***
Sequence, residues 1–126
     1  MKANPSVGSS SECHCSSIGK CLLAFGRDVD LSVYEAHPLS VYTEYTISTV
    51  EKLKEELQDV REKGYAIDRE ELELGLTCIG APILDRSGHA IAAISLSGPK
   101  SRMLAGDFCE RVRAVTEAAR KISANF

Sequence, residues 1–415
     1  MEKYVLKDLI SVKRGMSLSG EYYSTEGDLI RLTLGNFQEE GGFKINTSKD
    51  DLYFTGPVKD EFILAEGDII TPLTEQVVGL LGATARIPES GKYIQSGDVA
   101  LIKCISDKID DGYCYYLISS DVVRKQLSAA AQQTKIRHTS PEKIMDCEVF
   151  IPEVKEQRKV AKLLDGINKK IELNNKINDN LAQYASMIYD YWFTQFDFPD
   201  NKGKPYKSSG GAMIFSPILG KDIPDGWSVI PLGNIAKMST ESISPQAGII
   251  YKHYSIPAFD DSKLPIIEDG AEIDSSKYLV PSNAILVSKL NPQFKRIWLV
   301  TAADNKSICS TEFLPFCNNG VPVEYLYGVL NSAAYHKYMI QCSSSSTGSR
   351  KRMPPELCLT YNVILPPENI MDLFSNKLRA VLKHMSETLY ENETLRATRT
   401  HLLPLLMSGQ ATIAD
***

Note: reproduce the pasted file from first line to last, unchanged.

Sequence, residues 1–126
     1  MKANPSVGSS SECHCSSIGK CLLAFGRDVD LSVYEAHPLS VYTEYTISTV
    51  EKLKEELQDV REKGYAIDRE ELELGLTCIG APILDRSGHA IAAISLSGPK
   101  SRMLAGDFCE RVRAVTEAAR KISANF

Sequence, residues 1–415
     1  MEKYVLKDLI SVKRGMSLSG EYYSTEGDLI RLTLGNFQEE GGFKINTSKD
    51  DLYFTGPVKD EFILAEGDII TPLTEQVVGL LGATARIPES GKYIQSGDVA
   101  LIKCISDKID DGYCYYLISS DVVRKQLSAA AQQTKIRHTS PEKIMDCEVF
   151  IPEVKEQRKV AKLLDGINKK IELNNKINDN LAQYASMIYD YWFTQFDFPD
   201  NKGKPYKSSG GAMIFSPILG KDIPDGWSVI PLGNIAKMST ESISPQAGII
   251  YKHYSIPAFD DSKLPIIEDG AEIDSSKYLV PSNAILVSKL NPQFKRIWLV
   301  TAADNKSICS TEFLPFCNNG VPVEYLYGVL NSAAYHKYMI QCSSSSTGSR
   351  KRMPPELCLT YNVILPPENI MDLFSNKLRA VLKHMSETLY ENETLRATRT
   401  HLLPLLMSGQ ATIAD